Introduction

Polymer nanocomposites (PNCs) became a promising solution of various applications for their flexibility and processability as well as differentiated mechanical, electrical properties compared with pristine polymers1. Recent development of PNCs demonstrates functional properties as well as easy processibility required in current electronic device industry. Especially materials with high conductivity or high dielectric permittivity gained great attention. Materials with high conductivity can be applied to fabricate basic electrical parts such as interconnections, inductors, and electrodes of batteries2. PNCs with high conductivity can be utilized for 3D printing of electromagnetic interference (EMI) shielding applications which will contribute to miniaturization of portable electronic devices. Materials with high dielectric permittivity can be applied to parts with high capacitance and improved energy storages3. PNCs with high dielectric permittivity can be applied to flexible and transparent parts of wearable electronic devices4,5,6.

Various types of PNCs were investigated to prepare a flexible material with high conductivity or high dielectric permittivity6,7,8. Numerous kinds of different polymers such as epoxy, Polyimides (PI), Poly (methyl methacrylate) (PMMA), and Polydimethylsiloxane (PDMS) were used as a matrix in PNCs. Ferroelectric ceramic fillers such as BaTiO3, PbTiO3, and TiO2 or conductive nano wires such as carbon nanotube (CNT) and AgNW were applied to attain enhanced electrical properties8,9,10,11. But high loads of ceramic fillers, which is required for high dielectric constant, sometimes worsen the mechanical property of the material12. PNCs with conductive fillers may exhibit better mechanical flexibility as well as improved electrical properties with lower volume fraction of fillers compared to PNCs with ceramic fillers. A PNC with conductive fillers like AgNWs can be conductive if these conductive nanoscale fillers form a conductive path called as a percolated network which enables the electrons travel through the material. Electrons can move from one conductive filler to another if they are in contact or jump between conductive fillers if they are close to each other, known as tunneling effect13. On the other hand, conductive nanoscale fillers and polymer matrix may be arranged in an ordered structure so that the conductive nanoscale fillers can work as pairs of electrodes of capacitors. And the polymer matrix between nanoscale fillers can work as dielectric to form millions of nanoscale capacitors and exhibit high dielectric properties11.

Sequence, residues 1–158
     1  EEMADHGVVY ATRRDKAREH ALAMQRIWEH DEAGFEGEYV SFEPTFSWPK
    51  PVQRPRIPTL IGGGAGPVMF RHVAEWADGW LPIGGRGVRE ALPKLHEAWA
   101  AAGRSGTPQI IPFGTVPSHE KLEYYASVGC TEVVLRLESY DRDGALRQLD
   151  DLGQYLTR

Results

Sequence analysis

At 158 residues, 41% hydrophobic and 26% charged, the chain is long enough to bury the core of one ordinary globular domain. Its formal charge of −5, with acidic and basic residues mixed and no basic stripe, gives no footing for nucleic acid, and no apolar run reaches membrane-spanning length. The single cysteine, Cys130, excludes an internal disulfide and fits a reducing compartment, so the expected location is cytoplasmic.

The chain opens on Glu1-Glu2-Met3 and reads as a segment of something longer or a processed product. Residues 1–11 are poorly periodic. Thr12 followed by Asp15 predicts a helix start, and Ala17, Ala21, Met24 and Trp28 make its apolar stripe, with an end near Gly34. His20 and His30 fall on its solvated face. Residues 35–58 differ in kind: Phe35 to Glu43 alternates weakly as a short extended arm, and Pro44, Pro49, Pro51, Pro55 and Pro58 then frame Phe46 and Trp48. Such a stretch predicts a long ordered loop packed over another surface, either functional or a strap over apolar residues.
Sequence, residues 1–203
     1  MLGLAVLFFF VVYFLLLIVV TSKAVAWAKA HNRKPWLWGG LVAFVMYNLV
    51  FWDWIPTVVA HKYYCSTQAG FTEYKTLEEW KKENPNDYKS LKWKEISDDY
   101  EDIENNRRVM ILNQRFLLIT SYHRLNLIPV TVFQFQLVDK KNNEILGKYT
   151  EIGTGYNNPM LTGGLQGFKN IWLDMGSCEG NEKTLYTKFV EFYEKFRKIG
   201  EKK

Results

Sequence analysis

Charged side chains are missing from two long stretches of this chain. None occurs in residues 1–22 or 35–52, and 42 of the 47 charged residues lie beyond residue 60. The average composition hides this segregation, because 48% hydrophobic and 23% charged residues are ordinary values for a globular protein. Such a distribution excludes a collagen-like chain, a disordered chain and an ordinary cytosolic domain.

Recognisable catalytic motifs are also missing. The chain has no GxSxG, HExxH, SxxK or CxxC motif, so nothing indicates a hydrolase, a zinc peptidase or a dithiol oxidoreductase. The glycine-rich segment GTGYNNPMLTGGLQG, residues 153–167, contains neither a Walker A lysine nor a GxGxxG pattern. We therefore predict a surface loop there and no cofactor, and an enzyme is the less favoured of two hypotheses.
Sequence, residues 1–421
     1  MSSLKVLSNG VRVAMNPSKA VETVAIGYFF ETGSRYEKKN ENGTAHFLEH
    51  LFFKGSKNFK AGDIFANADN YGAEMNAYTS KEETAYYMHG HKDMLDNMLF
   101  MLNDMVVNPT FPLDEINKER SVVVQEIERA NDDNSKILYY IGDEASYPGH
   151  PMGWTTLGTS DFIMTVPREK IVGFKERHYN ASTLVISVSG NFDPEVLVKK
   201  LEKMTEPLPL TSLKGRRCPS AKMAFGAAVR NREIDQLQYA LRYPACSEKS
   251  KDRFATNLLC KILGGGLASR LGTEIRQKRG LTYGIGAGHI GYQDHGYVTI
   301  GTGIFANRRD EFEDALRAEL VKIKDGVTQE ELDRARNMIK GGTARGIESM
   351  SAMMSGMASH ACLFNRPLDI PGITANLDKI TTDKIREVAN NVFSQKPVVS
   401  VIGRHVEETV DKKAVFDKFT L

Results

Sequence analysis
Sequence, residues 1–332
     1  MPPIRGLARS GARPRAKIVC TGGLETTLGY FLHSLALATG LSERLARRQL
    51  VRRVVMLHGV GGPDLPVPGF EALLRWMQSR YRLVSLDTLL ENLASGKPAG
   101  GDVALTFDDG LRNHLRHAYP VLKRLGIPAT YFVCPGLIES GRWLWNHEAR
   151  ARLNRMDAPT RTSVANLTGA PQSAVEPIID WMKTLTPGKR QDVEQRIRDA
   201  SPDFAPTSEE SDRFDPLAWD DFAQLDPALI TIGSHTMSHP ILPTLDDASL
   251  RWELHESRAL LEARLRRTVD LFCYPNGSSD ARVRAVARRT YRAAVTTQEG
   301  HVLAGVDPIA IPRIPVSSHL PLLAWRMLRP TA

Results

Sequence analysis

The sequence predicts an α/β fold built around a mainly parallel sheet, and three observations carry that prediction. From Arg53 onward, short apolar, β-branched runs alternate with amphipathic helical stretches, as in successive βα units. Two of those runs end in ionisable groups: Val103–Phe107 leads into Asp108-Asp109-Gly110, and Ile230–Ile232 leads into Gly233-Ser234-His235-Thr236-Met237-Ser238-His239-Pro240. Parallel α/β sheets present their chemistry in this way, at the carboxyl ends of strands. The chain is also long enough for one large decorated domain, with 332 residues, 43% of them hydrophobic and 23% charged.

In this study, we chose AgNW as a nanoscale conductive filler to prepare PNCs in order to utilize the high anisotropic character of AgNWs. AgNW is a rod-like anisotropic structure. So its properties may be controlled more effectively by alignment in a matrix material compared to other isotropic nanoscale fillers with a spherical structure. Also, high aspect ratio (100~500) of AgNW induces lower percolation threshold compared to spherical fillers14. Therefore, AgNW has higher conductivity compared to other fillers like carbon nanotube for highly conductive or highly dielectric applications2,15. Also, the large surface area of AgNW contributes to the efficient improvement of conductive or dielectric property of polymers.

The orientation of fillers in the matrix of nanocomposites affects conductive or dielectric properties as well as mechanical properties. Research has been focused on enhanced mechanical property of nanocomposites with aligned distribution of fillers16,17. The relation between electrical properties such as conductivity or permittivity and the orientation of fillers has been also investigated19,20. If it is possible to use the same compositional materials with the same volume fraction of AgNWs to differentiate electrical properties, then it makes price competitiveness. And if it is possible to control the alignment and orientation of filler distribution, then composites’ electrical properties can be tuned by a small part of manufacturing process. For example, changing the nozzle shape of an extruder can give more efficient processability. In this report, it is demonstrated that the electrical properties of composite materials can be tunable through nozzle dependent extrusion 3D printing.